Authorities are continuing to investigate a home that exploded in Center City overnight, causing a three-alarm blaze that spread to other residences.
It remains unknown what caused explosion and fire, which displaced dozens of people on the 2300 block of Naudain Street, city officials said early this afternoon.
The explosion did not appear to cause any injuries, though one woman had been hospitalized earlier after inhaling carbon monoxide.
Ten homes were damaged, six severely, fire department officials said this afternoon. The other four sustained mostly water damage.
It may be two days before the 40 displaced residents can return to their homes, Mayor Michael Nutter said.
Around 3 a.m., some residents noticed a gas smell and called 911. Firefighters detected high carbon monoxide readings throughout the entire block. Residents were evacuated as emergency crews attempted to locate the source.
But something ignited an explosion at one home, causing the blaze, authorities said. The fire was brought under control shortly after 5 a.m.
Though residents reported a gas-like odor, it's still too early to say what sparked the explosion and fire, Nutter said.
"We do not know that there was a gas explosion," he said.
Brian Moores, who has lived on the block for 20 years, said the carbon monoxide alarm for one of the building's residents sounded about 3 a.m.
The fire department responded, checked CO levels on the block, and found high readings. One woman in the building was overcome by the carbon monoxide, Moores said, and was taken to a hospital. The woman's cats died. Crews were dispatched to help locate the source of the carbon monoxide.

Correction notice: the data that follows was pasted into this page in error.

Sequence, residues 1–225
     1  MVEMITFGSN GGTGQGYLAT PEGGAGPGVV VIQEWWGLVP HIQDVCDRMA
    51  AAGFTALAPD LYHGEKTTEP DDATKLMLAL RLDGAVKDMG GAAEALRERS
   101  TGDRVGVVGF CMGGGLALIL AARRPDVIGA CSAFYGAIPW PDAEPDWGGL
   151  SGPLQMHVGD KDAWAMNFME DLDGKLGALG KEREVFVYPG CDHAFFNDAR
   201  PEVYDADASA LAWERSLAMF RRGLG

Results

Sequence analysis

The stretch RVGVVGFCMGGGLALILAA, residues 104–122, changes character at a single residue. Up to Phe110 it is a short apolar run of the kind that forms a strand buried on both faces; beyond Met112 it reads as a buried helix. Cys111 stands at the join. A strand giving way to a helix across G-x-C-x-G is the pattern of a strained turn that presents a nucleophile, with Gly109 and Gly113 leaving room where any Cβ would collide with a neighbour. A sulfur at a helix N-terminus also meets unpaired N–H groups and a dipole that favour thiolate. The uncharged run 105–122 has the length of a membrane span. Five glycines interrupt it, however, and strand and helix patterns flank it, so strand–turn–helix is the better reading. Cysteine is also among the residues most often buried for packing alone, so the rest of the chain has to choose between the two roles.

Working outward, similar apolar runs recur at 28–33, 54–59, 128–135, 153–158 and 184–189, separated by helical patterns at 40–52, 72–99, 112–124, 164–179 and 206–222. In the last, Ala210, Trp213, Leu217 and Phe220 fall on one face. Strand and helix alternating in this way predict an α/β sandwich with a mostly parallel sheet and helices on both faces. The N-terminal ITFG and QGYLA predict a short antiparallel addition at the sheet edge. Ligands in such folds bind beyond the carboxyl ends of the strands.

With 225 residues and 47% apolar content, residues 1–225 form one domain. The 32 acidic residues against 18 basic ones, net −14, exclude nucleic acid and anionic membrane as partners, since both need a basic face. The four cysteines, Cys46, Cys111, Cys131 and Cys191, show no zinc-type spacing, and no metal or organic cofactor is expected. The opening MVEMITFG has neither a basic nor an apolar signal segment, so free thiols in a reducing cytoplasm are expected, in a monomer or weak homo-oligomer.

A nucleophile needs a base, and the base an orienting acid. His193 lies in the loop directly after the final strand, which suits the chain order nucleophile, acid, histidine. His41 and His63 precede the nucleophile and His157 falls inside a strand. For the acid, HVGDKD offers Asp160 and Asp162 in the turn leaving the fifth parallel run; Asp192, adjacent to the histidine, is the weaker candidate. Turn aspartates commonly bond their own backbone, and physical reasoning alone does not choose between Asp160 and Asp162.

Then, at about 3:30 a.m., a home on the block exploded, Moores said.
The house was "blown into pieces," said Moores, who lives across the street. Debris from the explosion spilled onto the sidewalk and street.
That home caught fire, which spread to three adjacent houses.
Fire crews were already on the scene, but it took about 15 minutes to get water running to douse the blaze, Moores said. The home appeared to be destroyed.
No one was hurt in the explosion, as residents had already been evacuated while authorities probed the suspected gas leak.
Moores said the explosion didn't damage his house across the street, but he didn't know yet if the building sustained smoke or CO damage.
Officials from the Department of Licenses and Inspections are surveying homes on the block.
Staff from the American Red Cross of Southeastern Pennsylvania -- already racing about all night from helping with flooding -- set up a shelter for displaced residents at the High School for the Creative and Performing Arts on South Broad Street.
At least 30 people have gone to the shelter since early this morning, the Red Cross said, and nine people remained there at mid-afternoon.